In Let It Snow, YA heavyweight authors John Green, Maureen Johnson, and Lauren Myracle come together with a trio of linked novellas.  The first features Jubilee "not a stripper, despite the name" Dougal, whose parents end up in jail on Christmas Eve.  Bound for her grandparents' house in Florida during a massive snowstorm, her train gets stranded, which ends in a bizarre Waffle House encounter and ultimately being way too trusting of strangers.  Meanwhile, friends Tobin, J.P. and The Duke (AKA Angie) mount a snowy expedition to the very same Waffle House, now populated by their friend Don-Keun and a gaggle of stranded cheerleaders, but the cheerleaders are not the stars of this story.  Finally, we have uber self-centered Addie whose infidelity (and also super self-centeredness!) has her heartbrokenly mourning the loss of her boyfriend, Jeb.  But maybe's he's not lost forever, maybe he's just stranded at (wait for it...) the Waffle House!

This trio of romances starts off promising with Johnson's offering which is quirkily amusing.  Green's effort is a bit of a skid with the "race to the Waffle House with Twister" plot line which reads a little like the bad fan fiction your cousin once wrote in high school but for the romance that does end up sweetening the story a bit.  Myracle's contribution is just perplexing.  Addie is a pretty whiny, unlovable character who undergoes a transformation, but one that makes no sense at all.  Turns out you have to want a happy ending for a character for the happy ending to be satisfying.  I probably should have given this one a pass.

Last but not least, Clock Dance by Anne Tyler is the story of Willa McIntyre who abandons her life in Arizona with her second husband, Peter, to care for the child of her son's ex when said ex is recovering from a gunshot wound.  Tyler's writing is well-done and her plot well-executed.  I really enjoyed the setup of the book as we get to know the forces that have shaped Willa into the accommodating, "needs to be needed" adult that she became.  She brings a working-class Baltimore neighborhood to life, including opinionated Denise (the ex/GSW victim) and her practical daughter, Cheryl, quite well.  Tyler tells a good story about a woman on the edge of a transformation, but I had trouble getting past the very incident that brought them all together in the first place.  Flying cross-country to care for a grandchild in an emergency is one thing, abandoning your life and flying cross-country to babysit the daughter of a stranger is a little too much of a reach for my suspension of disbelief.

Sunday, August 8, 2021

Backlist Bonanza: Reviewlettes

This summer has found me reading books that have been on my shelves seemingly forever, with mixed results.  Some I wish I head read long ago.  Others I wish hadn't been burdening my shelves with for so long.  Here are my takes on a few of them.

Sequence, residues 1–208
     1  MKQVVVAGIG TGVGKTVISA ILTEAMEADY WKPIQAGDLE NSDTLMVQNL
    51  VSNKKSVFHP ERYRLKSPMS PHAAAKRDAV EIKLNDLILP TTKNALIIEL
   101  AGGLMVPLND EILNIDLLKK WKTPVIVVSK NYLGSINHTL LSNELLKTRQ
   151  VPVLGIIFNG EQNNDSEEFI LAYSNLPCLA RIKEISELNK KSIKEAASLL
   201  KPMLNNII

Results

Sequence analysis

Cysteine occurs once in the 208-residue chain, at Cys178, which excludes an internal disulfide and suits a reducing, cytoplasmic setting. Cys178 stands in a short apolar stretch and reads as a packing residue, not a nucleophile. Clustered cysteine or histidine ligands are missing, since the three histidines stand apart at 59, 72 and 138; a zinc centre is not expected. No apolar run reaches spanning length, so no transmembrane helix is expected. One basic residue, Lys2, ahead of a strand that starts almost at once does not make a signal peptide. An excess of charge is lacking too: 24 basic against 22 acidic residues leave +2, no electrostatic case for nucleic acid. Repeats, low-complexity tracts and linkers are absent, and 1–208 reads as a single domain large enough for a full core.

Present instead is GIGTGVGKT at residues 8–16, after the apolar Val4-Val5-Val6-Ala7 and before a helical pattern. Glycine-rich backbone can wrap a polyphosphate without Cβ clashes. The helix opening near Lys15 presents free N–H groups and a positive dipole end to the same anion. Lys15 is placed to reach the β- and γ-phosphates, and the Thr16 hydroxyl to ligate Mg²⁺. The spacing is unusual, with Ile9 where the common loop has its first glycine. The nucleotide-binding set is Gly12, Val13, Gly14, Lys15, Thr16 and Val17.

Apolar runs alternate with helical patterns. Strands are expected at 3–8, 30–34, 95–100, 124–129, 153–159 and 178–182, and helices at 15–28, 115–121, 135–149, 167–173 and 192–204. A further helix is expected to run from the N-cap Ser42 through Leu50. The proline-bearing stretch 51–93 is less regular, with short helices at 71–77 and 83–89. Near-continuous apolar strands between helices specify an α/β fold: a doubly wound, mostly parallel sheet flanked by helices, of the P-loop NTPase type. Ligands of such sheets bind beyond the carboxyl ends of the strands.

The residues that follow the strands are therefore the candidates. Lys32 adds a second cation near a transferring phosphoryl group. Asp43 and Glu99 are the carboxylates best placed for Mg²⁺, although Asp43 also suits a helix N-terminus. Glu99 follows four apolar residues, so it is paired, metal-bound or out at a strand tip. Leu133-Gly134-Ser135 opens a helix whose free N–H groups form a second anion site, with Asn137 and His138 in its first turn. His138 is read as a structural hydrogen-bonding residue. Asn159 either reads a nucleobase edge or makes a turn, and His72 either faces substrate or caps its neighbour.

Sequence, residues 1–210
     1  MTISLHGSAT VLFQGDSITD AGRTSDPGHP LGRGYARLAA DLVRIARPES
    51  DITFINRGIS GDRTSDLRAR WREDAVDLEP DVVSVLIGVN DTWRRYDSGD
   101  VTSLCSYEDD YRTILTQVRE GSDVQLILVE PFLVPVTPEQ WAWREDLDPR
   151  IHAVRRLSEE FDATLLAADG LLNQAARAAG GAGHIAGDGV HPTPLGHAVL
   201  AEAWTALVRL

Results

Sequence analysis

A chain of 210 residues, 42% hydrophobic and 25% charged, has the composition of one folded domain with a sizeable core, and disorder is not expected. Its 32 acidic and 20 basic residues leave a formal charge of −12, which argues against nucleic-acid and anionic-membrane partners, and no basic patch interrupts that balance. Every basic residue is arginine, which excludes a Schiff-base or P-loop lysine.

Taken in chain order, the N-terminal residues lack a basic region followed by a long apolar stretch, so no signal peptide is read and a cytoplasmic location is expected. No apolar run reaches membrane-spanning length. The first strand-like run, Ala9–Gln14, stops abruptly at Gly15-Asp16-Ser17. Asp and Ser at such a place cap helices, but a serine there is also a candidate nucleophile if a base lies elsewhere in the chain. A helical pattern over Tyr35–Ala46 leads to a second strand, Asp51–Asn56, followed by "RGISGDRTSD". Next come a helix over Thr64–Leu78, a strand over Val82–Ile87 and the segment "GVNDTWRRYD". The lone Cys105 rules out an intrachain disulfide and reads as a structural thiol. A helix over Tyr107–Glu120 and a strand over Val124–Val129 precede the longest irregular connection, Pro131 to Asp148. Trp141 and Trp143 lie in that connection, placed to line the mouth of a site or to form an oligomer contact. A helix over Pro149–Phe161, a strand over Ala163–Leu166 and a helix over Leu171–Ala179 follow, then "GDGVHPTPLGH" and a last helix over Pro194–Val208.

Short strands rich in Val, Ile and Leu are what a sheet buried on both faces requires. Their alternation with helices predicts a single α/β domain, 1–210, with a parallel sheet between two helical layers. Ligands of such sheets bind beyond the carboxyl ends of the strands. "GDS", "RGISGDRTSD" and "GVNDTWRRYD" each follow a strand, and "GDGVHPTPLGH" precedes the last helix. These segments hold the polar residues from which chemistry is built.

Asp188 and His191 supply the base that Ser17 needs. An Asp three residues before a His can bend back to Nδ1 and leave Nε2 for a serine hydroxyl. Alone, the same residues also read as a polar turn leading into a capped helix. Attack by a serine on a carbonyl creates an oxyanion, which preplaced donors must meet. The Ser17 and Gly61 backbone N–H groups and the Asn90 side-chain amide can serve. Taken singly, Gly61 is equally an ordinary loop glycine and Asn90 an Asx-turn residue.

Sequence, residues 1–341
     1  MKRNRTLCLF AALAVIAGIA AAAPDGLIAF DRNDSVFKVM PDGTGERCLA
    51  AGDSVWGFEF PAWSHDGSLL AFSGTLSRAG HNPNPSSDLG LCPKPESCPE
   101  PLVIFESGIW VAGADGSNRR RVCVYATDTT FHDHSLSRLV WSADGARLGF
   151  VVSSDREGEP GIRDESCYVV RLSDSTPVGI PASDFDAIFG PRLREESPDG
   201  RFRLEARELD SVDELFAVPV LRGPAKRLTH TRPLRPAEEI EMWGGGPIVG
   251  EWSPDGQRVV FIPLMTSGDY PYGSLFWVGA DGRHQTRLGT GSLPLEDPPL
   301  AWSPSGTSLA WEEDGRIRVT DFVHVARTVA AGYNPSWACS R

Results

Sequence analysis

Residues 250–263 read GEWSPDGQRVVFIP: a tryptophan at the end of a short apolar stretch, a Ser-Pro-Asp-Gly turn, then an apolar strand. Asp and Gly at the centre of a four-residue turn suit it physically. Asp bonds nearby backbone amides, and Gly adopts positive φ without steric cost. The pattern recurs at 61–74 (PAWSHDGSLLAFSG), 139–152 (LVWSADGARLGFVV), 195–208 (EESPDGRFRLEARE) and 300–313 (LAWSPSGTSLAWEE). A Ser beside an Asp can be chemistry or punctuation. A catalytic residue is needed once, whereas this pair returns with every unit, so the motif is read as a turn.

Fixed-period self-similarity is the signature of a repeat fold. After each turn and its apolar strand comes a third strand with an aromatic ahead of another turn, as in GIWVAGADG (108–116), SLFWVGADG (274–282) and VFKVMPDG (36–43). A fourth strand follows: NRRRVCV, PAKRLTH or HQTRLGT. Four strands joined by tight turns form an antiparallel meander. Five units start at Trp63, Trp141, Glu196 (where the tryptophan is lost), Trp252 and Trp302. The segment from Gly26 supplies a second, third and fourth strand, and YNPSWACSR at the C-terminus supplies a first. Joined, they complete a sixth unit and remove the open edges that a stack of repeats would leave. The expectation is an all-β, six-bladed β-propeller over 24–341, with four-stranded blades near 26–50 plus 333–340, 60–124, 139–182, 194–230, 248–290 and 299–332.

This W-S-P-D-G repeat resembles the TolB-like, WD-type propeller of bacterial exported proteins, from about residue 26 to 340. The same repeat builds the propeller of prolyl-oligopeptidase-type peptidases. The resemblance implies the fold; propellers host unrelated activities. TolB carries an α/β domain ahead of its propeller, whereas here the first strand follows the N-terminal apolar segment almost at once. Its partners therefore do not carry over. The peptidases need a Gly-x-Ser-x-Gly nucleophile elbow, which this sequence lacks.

In Elsewhere, Gabrielle Zevin imagines what is ultimately a pretty dull afterlife.  When people die, they arrive in Elsewhere on a boat and age in reverse until they are born again to a new life.  Liz Hall, a fifteen-year-old struck by a cab on her way to the mall, arrives in Elsewhere thinking she's dreaming.  When it becomes apparent that she is not, she has terrible trouble adjusting to her new reality, opting to spend all her time looking back at her old life, even tracking the hit-and-run driver who took her life rather than  embracing the chance to get to know the grandmother she never met in life.  I wish more time had been  spent on fleshing out Zevin's creative afterlife than on transporting Liz's teenage angst into the great beyond.  Liz read a little a young for her age, and her Elsewhere love story as well her grandmother's willingness to enable her destructive behavior seemed unrealistic.  All in all, Elsewhere was a quick read about learning to live and love in the now, but ultimately I think it was a little too "young" for this adult reader.

The Bright Forever
turns a lens on the would-be idyllic small town of Tower Hill, Indiana and reveals its dirty underbelly when Katie Mackey, daughter of the owner of the town's glass making factory, goes missing in early July.  Told from the perspective of high school math teach Henry Dees; his neighbors, Clare and Ray Wright; and Katie's older brother Gilley, The Bright Forever taps into all the secrets that lurk beneath this small town idyll.  Junior and Patsy Mackey would do anything for family, except one thing.  Mr. Dees loves Katie a little a too much.  Ray Wright has a thing for pills.  Clare can't bear to be alone, and Gilley will never forget the night he ratted out his sister for not taking her library books back, because she never came back from the library.